We all know kids start kindergarten at age 5. So choosing a school should happen the year before kindergarten…right? Unfortunately the ‘when to start’ question is complicated and depends a lot on your risk tolerance. Here are some different scenarios:
If you are planning to attend your neighborhood public school, then there are no requirements or paperwork to fill out before your child is 4 years old. The only complication in this situation is that some parents take advantage of pre-K programs at their local elementary school, such as “Bright Futures.”
One parent whose children attended the Bright Futures program at Bache-Martin told me: “The Bright Futures program gave us the opportunity to connect with other parents and really invest in our neighborhood. We learned a lot about the school before we had to make our kindergarten decision. Bright Futures is separate from Bache, but it gives you a head start on understanding the school.”
Applications for private school start the fall before your child would enroll – a full year before kindergarten. What complicates the private school option is that most have pre-K classes. Applications for these spots begin when the child is 3 years old.
When we started looking at schools, my son was 3 years old and I thought we were early. We quickly realized that if the private school had 3 kindergarten classes, for example, they often had 3 pre-K classes. There is some attrition and there are spots open for the Kindergarten classes, but most of the kindergarten spots are filled by the pre-K kids. Being risk-averse parents, we decided that we would apply for pre-K to guarantee a spot for Kindergarten if he got in. So the application process (after gathering information and making decisions) started August of the year my son was 3 years old.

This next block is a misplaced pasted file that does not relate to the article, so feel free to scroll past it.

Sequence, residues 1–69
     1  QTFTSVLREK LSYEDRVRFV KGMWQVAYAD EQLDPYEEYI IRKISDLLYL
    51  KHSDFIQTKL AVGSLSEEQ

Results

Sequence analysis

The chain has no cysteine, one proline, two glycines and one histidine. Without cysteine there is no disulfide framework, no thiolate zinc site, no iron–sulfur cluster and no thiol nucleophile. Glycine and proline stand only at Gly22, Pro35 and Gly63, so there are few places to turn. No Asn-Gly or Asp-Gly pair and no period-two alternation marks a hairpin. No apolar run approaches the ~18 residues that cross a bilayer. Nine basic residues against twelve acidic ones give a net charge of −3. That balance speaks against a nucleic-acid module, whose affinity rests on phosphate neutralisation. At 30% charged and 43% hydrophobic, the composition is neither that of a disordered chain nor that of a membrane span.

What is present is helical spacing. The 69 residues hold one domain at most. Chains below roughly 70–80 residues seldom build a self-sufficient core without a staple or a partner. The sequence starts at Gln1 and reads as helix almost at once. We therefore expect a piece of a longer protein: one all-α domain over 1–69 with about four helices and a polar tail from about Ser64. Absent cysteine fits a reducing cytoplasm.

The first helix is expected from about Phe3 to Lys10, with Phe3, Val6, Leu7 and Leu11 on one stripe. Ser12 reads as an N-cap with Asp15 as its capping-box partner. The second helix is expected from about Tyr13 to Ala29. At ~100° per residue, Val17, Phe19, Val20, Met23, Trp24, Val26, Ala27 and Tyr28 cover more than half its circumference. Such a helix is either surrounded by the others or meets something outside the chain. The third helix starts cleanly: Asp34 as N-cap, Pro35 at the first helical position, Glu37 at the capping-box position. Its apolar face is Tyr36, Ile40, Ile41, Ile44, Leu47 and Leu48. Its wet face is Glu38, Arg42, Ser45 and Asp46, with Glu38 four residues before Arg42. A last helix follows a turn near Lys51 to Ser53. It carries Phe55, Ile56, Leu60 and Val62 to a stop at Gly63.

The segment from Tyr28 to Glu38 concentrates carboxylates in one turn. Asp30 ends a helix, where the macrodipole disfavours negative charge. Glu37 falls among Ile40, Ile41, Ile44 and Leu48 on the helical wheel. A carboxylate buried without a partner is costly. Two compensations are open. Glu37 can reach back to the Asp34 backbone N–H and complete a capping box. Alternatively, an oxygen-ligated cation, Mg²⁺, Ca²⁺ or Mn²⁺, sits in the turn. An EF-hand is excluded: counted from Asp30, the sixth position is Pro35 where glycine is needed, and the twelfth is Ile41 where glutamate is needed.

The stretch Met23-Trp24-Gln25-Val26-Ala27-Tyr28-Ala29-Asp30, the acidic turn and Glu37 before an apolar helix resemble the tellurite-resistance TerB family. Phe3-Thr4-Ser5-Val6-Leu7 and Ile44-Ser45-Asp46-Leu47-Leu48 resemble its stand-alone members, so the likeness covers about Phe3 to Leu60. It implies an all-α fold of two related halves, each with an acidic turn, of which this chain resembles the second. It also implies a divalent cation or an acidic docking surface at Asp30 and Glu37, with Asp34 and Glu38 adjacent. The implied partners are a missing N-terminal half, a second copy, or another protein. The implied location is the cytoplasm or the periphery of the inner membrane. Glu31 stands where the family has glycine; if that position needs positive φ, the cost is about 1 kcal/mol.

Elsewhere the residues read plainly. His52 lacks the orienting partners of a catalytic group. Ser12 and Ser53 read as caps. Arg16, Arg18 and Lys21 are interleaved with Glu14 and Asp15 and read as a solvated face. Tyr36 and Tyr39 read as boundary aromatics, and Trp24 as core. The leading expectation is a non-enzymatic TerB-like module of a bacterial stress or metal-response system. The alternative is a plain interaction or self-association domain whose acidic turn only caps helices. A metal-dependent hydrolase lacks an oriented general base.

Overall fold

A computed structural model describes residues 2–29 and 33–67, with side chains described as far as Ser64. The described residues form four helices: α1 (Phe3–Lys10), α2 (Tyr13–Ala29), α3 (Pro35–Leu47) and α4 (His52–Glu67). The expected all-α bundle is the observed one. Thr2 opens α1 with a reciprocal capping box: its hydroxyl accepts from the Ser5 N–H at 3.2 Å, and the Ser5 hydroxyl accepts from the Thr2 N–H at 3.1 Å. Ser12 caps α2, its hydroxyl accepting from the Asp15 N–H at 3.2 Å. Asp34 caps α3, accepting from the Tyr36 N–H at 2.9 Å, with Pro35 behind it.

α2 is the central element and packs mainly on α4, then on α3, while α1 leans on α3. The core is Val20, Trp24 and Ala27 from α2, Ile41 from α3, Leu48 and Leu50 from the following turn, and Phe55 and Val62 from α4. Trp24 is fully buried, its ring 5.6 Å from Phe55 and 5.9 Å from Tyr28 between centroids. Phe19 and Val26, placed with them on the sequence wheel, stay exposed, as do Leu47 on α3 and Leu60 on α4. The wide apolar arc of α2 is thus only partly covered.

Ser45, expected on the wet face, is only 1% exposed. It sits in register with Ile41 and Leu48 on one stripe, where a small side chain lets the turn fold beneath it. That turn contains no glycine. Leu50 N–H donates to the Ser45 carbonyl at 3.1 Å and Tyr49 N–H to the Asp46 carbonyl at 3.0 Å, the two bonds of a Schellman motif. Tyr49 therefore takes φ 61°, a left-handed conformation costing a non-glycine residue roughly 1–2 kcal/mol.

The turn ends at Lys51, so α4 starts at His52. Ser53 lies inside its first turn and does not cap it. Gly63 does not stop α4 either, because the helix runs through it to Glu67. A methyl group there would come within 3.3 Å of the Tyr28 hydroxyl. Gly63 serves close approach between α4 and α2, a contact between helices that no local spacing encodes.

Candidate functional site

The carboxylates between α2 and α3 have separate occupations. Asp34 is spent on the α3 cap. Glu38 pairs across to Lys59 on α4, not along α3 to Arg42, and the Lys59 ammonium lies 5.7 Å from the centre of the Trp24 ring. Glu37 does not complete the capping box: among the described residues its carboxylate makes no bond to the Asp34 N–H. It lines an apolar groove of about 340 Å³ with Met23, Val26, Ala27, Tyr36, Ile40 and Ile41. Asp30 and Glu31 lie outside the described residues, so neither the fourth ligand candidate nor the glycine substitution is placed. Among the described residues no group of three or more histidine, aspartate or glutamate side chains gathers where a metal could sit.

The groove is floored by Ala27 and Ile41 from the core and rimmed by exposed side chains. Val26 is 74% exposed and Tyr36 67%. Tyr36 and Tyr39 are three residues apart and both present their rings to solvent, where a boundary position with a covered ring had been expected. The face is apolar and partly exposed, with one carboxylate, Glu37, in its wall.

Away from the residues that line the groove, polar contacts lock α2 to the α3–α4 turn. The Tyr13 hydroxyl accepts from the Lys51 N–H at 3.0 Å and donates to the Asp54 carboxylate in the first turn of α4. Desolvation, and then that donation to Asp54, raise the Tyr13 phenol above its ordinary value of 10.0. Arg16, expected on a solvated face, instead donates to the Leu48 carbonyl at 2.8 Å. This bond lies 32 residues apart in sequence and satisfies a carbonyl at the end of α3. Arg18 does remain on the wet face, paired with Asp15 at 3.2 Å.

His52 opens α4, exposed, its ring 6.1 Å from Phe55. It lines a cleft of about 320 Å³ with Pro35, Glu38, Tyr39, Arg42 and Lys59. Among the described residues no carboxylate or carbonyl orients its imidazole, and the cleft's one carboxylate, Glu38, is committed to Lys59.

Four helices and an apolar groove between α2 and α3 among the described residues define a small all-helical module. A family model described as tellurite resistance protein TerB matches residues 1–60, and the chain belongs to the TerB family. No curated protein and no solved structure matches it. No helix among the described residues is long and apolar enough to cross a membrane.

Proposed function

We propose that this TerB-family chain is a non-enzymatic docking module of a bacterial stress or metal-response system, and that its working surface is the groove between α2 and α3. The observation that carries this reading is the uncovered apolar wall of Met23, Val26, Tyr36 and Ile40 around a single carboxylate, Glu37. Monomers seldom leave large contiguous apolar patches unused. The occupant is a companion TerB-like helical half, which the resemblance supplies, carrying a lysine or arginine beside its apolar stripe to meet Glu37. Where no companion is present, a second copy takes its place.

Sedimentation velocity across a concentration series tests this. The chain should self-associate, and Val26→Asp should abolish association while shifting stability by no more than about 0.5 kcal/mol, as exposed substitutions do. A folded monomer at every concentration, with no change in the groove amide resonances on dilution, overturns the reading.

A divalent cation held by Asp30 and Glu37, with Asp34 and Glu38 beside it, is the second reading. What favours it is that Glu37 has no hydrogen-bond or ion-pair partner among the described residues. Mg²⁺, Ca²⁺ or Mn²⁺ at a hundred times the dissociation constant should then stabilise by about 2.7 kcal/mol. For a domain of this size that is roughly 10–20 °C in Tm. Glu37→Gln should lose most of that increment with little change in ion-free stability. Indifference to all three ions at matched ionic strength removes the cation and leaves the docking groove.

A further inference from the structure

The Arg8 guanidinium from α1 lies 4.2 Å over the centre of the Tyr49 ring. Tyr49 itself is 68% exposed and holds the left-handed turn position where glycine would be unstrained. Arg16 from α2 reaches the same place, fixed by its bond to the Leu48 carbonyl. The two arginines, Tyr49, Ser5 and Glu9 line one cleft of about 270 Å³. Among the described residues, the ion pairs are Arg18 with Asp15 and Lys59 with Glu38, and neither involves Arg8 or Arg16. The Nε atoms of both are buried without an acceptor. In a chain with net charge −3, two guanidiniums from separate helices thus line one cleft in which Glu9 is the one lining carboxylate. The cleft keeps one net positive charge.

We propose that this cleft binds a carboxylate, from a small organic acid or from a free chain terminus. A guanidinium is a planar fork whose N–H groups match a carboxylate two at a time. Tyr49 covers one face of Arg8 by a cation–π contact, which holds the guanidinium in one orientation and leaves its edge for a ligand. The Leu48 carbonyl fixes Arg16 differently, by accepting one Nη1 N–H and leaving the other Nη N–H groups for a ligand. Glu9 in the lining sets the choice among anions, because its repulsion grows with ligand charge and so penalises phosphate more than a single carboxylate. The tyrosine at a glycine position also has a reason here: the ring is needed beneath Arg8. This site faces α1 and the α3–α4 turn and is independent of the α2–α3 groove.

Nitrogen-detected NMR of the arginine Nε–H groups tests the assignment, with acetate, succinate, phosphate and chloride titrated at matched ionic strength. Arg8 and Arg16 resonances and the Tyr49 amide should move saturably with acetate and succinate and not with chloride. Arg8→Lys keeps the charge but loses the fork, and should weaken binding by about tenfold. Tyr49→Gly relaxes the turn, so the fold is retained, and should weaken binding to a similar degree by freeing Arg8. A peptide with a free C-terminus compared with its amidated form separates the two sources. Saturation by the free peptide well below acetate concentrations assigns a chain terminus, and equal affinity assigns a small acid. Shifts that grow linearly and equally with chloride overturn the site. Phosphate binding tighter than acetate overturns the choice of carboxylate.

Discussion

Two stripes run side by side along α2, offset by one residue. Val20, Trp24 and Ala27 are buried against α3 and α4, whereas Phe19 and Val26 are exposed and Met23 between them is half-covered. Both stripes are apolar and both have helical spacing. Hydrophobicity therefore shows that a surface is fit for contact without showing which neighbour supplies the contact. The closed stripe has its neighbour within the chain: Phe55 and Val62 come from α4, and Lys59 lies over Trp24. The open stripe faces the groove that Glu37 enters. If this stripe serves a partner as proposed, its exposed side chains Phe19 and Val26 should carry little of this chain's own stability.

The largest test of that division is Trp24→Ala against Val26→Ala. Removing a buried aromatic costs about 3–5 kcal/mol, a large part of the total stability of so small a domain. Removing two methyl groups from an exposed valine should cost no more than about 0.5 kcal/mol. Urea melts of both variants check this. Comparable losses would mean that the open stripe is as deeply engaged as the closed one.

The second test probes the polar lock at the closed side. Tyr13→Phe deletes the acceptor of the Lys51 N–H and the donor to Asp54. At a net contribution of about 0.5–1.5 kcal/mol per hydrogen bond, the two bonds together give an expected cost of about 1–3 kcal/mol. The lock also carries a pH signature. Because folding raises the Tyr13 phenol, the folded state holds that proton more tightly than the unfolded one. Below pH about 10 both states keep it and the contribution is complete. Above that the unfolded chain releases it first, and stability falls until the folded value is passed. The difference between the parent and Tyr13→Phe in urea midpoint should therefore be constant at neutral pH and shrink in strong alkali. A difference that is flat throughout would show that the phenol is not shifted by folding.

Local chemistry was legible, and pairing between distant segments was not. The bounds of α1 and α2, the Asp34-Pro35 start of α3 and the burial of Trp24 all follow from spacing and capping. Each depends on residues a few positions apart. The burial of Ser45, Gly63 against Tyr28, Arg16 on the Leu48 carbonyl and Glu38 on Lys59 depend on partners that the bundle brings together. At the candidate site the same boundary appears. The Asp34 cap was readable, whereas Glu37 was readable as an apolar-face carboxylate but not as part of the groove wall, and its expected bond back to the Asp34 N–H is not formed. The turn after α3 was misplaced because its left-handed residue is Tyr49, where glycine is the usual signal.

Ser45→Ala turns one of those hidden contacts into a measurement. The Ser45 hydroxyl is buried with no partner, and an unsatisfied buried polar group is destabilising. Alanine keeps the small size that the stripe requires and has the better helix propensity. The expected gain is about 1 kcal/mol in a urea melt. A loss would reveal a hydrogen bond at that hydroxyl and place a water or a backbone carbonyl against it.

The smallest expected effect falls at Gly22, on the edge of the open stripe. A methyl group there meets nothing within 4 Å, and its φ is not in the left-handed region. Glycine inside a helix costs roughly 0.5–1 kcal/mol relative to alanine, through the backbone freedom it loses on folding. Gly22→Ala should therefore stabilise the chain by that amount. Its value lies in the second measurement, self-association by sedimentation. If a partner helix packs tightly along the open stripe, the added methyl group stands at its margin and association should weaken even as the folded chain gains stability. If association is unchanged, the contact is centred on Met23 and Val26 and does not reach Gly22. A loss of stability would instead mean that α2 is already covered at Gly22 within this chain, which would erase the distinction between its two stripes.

If you are planning to lottery into a charter school or out-of-catchment public elementary school you will have to fill out applications generally by October of year before kindergarten starts. The catch to this option is whether you feel you need a back-up plan. You will often not find out about out-of-catchment area public schools until the spring, sometimes as late as May. With this option you don’t necessarily have to start the process too early, but you may want to have a plan B if you’re not much of a risk-taker.
For many parents, looking at schools starts when the children are 2 years old. (Allow for all out-of-Philadelphia readers to gasp here) That gives you some time to research schools before applications to pre-kindergarten are due (at age 3). I’ve gone through the process and it still sounds crazy to me.
Did you take a different path? Let us know in the comments section!